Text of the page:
Addendum: Years ago, this newsletter expressed the opinion that Iraq’s Saddam may have shipped many of his nastiest weapons to Syria before the USA invaded (there was a long pause after the intent to invade was obvious, and before US forces entered Iraq). Reports of convoys of trucks leaving Iraq and entering Syria just might have been accurate. Of course nobody will talk about that now, but…there’s current speculation about Assad’s weaponry.
It’s a puzzle: a few months ago, the political/economic situation in Burma seemed to be stable, yet today it is changing dramatically; why ever?
This newsletter has never devoted much space to Burma, except to note that the nation was profoundly misunderstood by most foreign observers. Though it was portrayed simply as a military dictatorship, Burma was enslaved by two evil masters, not just one. Additionally, China took a very strong interest in Burma for excellent strategic reasons.
Now every detail of this sophisticated understanding must be called into question.
Why would the military release Nobel laureate Aung San Suu Kyi and many other political prisoners? Where is the rebel army that threatens to overthrow the nation’s lethal military? (There is none.) Why would the economic sector of the nation agree to risky, uncertain and wildly unpredictable political change — change that could wreck monopolies and oligopolies, lower profit margins, and increase consumer choices? (That would be out of centuries-old character.) How can China permit this dangerous process, given the fact that it could in all probability make it more difficult for China to gain greater influence in Southeast Asia? (Remember Tibet, Falun Dafa, Tienanmen Square, and wonder.)
For years, the Burmese military — as vile and goofy a cabal as one is likely to find outside North Korea and Iran — conspired with the ethnic Chinese shopkeepers to impose order and poverty on the citizenry. Without the economic elite, the military elite would have been only partially successful; without the army, the merchants would have had to cope with competition and relatively free markets. The unholy pact seemed unbreakable. Not even the monks could stand against the brutality of a dictatorship that was more than willing to murder innocents.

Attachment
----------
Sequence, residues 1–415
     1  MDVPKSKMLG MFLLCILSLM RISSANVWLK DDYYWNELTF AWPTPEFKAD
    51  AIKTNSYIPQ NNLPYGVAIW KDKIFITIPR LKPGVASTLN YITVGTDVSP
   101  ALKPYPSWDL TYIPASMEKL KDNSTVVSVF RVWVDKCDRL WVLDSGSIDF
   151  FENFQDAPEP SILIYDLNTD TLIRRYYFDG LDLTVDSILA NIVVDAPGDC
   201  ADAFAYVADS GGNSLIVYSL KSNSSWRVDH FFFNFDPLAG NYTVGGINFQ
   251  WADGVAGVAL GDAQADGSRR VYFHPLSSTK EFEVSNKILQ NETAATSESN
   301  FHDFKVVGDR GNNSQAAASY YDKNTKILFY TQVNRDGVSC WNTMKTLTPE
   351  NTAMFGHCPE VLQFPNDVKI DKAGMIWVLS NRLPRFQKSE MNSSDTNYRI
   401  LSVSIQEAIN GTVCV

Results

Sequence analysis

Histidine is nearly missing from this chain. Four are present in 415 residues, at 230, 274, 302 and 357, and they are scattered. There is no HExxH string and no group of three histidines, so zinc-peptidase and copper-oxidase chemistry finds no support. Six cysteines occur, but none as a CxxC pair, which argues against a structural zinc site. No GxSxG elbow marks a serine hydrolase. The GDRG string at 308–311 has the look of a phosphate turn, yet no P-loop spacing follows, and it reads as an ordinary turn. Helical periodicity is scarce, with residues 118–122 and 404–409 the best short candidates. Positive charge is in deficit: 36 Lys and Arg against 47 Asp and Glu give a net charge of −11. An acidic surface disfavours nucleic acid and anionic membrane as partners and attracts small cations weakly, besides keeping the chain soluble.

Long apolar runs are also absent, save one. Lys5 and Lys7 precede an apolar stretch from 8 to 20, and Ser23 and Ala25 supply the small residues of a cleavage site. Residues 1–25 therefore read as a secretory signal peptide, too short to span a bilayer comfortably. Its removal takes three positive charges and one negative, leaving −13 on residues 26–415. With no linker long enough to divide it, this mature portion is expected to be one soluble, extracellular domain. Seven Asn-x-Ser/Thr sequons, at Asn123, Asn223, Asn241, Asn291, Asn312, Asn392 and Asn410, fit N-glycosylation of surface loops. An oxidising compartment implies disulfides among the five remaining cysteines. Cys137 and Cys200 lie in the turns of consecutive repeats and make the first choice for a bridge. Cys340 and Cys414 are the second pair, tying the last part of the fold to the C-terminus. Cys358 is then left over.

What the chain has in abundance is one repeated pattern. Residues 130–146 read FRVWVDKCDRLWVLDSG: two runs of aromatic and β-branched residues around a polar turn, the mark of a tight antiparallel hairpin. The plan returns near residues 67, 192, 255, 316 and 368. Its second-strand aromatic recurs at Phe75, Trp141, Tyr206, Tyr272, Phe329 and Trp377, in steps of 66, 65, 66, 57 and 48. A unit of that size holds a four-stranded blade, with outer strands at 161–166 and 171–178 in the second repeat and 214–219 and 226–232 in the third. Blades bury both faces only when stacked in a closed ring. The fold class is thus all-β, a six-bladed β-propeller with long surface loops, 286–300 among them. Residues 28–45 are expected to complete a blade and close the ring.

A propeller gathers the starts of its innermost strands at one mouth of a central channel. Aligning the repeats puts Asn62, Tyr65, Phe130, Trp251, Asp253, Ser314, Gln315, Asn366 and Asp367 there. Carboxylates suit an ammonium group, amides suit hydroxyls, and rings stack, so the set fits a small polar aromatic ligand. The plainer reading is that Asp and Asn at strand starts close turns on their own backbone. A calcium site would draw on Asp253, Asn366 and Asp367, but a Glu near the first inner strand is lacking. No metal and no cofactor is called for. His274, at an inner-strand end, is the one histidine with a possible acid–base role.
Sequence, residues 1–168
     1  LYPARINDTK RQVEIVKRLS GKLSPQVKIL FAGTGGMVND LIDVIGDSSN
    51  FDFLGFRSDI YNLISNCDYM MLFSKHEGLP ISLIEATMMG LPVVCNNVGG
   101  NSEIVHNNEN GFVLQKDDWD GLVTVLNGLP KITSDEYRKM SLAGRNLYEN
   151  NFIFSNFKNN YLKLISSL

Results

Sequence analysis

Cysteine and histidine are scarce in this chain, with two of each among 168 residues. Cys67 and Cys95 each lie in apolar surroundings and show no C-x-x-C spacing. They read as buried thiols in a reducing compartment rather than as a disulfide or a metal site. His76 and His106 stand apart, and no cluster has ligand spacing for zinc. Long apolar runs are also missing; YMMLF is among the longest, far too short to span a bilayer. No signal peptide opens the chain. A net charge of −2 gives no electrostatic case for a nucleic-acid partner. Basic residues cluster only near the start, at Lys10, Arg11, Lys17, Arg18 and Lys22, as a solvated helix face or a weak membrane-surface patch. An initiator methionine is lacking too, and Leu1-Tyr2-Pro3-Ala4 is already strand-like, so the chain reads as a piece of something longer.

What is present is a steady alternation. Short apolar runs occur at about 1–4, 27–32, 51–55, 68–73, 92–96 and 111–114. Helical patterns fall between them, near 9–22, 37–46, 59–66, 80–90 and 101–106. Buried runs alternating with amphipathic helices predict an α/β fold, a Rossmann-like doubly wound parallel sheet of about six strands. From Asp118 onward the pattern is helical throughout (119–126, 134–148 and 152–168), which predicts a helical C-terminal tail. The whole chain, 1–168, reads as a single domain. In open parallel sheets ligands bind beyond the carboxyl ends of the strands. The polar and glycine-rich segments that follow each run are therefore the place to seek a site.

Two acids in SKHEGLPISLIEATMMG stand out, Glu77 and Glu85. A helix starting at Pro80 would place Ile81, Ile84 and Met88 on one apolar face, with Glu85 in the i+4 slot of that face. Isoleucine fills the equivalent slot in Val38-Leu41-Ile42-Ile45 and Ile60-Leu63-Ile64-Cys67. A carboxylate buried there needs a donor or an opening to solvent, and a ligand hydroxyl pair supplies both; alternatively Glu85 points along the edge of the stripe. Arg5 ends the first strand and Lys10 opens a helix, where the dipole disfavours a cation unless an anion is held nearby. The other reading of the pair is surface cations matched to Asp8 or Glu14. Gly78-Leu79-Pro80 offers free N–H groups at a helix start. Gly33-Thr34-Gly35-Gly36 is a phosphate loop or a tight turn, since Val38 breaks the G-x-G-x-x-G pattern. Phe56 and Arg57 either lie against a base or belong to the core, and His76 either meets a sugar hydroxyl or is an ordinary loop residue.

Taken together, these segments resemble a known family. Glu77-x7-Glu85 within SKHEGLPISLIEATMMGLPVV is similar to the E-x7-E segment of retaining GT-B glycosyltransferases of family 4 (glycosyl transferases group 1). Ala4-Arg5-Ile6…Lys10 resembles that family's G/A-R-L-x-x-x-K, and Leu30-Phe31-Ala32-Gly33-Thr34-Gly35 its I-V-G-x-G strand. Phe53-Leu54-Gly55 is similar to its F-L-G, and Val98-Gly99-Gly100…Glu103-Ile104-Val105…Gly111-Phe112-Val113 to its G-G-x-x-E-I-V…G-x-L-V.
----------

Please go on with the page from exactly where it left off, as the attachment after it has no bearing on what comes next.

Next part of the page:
So the question must be, “Why would any single member of this evil triumvirate mandate or tolerate reform?”
No, it’s not theater staged by the Wizard of Oz. Burma really is opening up. Of course this is a welcome development, but…it is incomprehensible, and that means one cannot know whether it will be suppressed with heartbreaking violence.
Some observers outside Burma will say that the army has sickened in its roles as murderer and dictator. That seems extraordinarily unlikely, even impossible. Others may argue that the merchants, acting out of the goodness of their hearts, have decreed an end to their assured good fortune. (An opium dream.) Perhaps others will point to the international sanctions, and say that Burma’s rulers realized that their nation was in danger of permanently disabling itself. (A lunatic NGO fantasy.) Or could it be that China…no, that’s transparently absurd.